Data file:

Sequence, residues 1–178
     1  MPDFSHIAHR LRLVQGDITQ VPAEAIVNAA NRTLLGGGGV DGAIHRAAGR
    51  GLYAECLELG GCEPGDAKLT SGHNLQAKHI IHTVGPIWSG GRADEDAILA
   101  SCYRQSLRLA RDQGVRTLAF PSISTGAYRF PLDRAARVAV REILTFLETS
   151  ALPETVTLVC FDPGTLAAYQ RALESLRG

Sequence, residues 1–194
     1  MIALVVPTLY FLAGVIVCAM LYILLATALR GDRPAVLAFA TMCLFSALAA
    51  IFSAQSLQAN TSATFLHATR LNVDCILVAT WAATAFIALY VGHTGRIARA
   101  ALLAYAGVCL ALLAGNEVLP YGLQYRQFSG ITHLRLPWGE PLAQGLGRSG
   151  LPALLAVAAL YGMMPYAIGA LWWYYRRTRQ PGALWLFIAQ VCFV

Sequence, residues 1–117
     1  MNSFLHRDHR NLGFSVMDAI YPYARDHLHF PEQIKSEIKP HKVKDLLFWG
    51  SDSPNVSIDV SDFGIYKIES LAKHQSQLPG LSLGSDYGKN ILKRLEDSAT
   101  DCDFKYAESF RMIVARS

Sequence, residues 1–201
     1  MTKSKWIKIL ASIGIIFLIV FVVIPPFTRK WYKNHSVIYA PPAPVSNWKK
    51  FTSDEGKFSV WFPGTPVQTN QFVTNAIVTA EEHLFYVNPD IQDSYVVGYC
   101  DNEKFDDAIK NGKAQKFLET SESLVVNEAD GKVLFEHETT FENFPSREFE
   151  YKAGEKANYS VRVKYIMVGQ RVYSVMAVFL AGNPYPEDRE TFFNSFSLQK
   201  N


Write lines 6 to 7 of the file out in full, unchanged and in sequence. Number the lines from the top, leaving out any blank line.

Sequence, residues 1–194
     1  MIALVVPTLY FLAGVIVCAM LYILLATALR GDRPAVLAFA TMCLFSALAA